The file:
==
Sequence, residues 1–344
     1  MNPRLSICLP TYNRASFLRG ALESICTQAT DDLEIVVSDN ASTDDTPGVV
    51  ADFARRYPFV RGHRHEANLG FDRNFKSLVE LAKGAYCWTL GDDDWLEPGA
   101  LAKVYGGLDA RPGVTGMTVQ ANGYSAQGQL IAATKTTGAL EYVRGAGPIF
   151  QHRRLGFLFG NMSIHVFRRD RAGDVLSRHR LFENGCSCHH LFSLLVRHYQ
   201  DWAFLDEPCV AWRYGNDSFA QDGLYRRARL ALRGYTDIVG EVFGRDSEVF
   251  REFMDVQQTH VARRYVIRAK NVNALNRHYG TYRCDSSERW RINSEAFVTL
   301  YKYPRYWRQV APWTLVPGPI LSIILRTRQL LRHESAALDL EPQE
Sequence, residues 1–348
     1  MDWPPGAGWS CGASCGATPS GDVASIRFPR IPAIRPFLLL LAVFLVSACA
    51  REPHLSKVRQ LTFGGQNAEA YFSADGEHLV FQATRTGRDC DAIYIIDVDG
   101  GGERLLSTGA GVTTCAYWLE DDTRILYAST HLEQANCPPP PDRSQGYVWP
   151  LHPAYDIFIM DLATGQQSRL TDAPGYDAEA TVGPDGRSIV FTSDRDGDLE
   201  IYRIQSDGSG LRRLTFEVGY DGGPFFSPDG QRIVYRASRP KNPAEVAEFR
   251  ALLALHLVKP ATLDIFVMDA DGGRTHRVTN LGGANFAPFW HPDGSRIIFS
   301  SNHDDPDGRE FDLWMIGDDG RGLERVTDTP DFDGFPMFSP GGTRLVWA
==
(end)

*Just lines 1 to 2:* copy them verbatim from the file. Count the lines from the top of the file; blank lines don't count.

Sequence, residues 1–344
     1  MNPRLSICLP TYNRASFLRG ALESICTQAT DDLEIVVSDN ASTDDTPGVV